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Sheila E., Prince's Brother Confirm Hologram Won't Be Used In Super Bowl Halftime Show

Sheila E., Prince's Brother Confirm Hologram Won't Be Used In Super Bowl Halftime Show

Sheila E On The First Time She Met Prince, Playing On "Don't Stop Til You Get Enough" + More

This year’s Super Bowl halftime performance will not include a hologram of Prince after all.

READ: ‘It Really Is Demonic’: Prince Expressed His Displeasure Of Holograms Two decades Ago

Reports of a Prince hologram accompanying Justin Timberlake during his Super Bowl LII halftime performance popped up prior to today’s game, with a number of Prince fans voicing their displeasure with the rumored performance.

Now, both Sheila E. and Omarr Baker, Prince’s brother, have confirmed that there will be no hologram of the purple one during the annual football event.

“Family, I spoke w/Justin 2nite and he shared heartfelt words of respect for Prince & the Purple fans. I look 4wrd 2 seeing what I’m sure is going 2 be a spectacular halftime show. “There is no hologram,” Sheila tweeted Saturday evening.

Baker, who manages the PRNFamily Twitter account, shared a no entry sign along with “#PrinceHologram” upon hearing the news of the hologram. When a fan asked Baker, “Does this mean you didn’t authorize it or that it’s not happening?” he responded with, “Both.”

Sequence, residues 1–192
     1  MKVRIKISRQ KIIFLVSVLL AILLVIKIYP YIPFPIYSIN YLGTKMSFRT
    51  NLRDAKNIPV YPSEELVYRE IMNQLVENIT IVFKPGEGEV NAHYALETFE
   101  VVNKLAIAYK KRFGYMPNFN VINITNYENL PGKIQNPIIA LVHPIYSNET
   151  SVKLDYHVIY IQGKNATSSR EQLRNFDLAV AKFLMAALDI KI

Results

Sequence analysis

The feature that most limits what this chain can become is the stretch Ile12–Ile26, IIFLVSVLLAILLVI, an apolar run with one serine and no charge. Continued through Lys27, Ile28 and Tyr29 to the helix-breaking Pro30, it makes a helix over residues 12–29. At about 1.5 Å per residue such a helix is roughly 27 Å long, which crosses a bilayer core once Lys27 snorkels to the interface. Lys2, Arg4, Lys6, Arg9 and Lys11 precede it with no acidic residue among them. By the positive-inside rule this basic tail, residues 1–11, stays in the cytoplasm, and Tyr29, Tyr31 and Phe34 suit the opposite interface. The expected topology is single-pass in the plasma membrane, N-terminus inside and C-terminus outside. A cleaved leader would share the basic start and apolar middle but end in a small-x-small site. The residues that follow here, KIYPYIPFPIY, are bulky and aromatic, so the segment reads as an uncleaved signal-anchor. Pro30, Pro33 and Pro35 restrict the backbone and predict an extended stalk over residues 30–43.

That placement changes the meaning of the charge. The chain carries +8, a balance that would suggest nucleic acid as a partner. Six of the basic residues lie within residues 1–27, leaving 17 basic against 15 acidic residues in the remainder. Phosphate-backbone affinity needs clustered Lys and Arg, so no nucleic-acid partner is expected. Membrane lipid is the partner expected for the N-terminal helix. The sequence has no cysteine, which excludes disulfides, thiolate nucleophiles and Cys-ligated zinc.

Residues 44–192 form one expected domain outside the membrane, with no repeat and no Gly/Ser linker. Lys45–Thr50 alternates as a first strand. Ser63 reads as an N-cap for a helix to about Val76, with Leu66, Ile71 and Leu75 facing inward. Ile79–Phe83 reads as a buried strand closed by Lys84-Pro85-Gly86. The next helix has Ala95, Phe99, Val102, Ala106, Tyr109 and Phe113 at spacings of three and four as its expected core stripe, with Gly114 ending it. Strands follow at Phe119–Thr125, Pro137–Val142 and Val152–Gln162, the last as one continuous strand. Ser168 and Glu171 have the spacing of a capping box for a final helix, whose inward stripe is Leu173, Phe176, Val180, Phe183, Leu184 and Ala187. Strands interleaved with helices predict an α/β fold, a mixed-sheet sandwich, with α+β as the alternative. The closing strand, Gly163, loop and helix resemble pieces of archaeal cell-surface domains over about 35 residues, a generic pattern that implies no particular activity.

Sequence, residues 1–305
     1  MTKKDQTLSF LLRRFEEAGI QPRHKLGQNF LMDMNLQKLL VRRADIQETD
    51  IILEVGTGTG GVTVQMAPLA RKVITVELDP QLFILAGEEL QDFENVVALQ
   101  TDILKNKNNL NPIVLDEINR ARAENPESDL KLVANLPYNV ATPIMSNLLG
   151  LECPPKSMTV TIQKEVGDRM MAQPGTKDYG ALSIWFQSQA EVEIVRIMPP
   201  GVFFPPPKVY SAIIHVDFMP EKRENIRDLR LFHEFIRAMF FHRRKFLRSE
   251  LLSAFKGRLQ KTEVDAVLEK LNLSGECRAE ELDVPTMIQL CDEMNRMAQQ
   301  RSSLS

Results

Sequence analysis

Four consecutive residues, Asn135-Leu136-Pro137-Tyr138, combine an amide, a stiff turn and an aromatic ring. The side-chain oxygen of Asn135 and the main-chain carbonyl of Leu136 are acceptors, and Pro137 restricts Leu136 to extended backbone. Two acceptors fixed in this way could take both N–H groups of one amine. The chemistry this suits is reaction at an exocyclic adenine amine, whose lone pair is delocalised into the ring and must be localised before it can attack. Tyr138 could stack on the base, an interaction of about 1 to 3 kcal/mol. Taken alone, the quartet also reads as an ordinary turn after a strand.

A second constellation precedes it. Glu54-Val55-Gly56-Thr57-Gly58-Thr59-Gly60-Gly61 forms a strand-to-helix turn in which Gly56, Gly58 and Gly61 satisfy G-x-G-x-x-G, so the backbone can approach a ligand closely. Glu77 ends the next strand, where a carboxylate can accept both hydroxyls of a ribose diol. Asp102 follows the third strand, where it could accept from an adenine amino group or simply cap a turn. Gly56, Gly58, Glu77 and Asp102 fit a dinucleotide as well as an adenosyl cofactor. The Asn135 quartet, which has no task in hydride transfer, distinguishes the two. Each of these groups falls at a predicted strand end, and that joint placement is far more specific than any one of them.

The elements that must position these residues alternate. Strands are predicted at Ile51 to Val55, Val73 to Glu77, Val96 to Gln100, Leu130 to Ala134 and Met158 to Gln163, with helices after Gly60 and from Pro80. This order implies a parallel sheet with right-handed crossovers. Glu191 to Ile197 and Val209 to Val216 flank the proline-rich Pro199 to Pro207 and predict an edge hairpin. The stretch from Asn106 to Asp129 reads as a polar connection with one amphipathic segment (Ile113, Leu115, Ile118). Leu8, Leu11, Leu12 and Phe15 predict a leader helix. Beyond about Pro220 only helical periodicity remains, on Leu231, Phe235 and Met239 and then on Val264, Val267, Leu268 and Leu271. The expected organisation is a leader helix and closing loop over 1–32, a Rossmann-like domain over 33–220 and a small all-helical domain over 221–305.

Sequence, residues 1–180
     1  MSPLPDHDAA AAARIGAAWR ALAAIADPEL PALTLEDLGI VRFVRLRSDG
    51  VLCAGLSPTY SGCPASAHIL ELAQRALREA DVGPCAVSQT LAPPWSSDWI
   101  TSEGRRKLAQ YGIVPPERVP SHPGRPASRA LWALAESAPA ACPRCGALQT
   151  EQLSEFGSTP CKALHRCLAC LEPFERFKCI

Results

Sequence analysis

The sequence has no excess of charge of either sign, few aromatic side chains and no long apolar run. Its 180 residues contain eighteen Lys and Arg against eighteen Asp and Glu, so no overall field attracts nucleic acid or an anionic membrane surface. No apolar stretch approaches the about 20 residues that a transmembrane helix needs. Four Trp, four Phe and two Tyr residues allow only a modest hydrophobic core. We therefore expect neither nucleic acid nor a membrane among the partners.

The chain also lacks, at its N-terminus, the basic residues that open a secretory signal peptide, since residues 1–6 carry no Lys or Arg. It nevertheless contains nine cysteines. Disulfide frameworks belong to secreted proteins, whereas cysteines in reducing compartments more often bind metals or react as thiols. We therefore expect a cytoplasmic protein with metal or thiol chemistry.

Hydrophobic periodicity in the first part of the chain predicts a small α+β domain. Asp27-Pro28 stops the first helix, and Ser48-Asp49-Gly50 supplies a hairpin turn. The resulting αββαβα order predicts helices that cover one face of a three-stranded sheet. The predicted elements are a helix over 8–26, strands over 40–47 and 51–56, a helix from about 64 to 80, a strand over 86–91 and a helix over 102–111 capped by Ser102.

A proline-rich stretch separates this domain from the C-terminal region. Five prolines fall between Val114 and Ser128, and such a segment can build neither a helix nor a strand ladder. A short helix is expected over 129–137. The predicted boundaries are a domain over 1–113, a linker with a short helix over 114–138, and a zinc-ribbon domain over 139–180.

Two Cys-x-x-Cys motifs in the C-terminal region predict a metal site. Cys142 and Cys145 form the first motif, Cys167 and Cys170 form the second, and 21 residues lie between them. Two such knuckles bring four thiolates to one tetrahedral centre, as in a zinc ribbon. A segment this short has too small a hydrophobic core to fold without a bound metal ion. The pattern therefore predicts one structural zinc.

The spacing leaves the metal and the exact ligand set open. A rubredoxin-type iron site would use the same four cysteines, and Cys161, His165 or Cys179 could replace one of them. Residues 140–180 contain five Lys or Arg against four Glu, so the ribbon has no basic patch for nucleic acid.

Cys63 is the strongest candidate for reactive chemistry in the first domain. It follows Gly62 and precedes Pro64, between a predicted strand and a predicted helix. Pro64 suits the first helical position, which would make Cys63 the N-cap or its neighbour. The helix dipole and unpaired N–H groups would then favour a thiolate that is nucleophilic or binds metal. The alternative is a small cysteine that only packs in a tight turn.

Back in 1998, Prince had expressed his displeasure with hologram performances in an interview with Guitar World.

“With digital editing, it is now possible to create a situation where you could jam with any artist from the past. Would you ever consider doing something like that?,” the interviewer asked to which Prince responded:

“Certainly not. That’s the most demonic thing imaginable. Everything is as it is, and it should be. If I was meant to jam with Duke Ellington, we would have lived in the same age. That whole virtual reality thing… it really is demonic. And I am not a demon. Also, what they did with that Beatles song [“Free As a Bird”], manipulating John Lennon’s voice to have him singing from across the grave… that’ll never happen to me. To prevent that kind of thing from happening is another reason why I want artistic control.”

 



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